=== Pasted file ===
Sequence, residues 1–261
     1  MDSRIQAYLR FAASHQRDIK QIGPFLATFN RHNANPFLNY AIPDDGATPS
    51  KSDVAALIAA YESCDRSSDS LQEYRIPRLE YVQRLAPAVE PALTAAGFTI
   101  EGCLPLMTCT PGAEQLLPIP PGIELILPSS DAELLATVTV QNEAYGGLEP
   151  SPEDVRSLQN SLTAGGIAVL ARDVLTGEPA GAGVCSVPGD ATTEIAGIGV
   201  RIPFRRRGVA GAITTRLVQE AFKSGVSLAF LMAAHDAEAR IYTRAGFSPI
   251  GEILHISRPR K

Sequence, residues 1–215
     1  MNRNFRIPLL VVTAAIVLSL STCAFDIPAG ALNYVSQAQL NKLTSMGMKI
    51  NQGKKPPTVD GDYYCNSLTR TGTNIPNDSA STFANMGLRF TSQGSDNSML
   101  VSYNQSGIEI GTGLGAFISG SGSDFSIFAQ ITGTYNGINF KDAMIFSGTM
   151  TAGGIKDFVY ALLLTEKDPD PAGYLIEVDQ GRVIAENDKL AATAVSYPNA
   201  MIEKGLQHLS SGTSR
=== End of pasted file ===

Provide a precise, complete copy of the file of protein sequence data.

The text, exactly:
Sequence, residues 1–261
     1  MDSRIQAYLR FAASHQRDIK QIGPFLATFN RHNANPFLNY AIPDDGATPS
    51  KSDVAALIAA YESCDRSSDS LQEYRIPRLE YVQRLAPAVE PALTAAGFTI
   101  EGCLPLMTCT PGAEQLLPIP PGIELILPSS DAELLATVTV QNEAYGGLEP
   151  SPEDVRSLQN SLTAGGIAVL ARDVLTGEPA GAGVCSVPGD ATTEIAGIGV
   201  RIPFRRRGVA GAITTRLVQE AFKSGVSLAF LMAAHDAEAR IYTRAGFSPI
   251  GEILHISRPR K

Sequence, residues 1–215
     1  MNRNFRIPLL VVTAAIVLSL STCAFDIPAG ALNYVSQAQL NKLTSMGMKI
    51  NQGKKPPTVD GDYYCNSLTR TGTNIPNDSA STFANMGLRF TSQGSDNSML
   101  VSYNQSGIEI GTGLGAFISG SGSDFSIFAQ ITGTYNGINF KDAMIFSGTM
   151  TAGGIKDFVY ALLLTEKDPD PAGYLIEVDQ GRVIAENDKL AATAVSYPNA
   201  MIEKGLQHLS SGTSR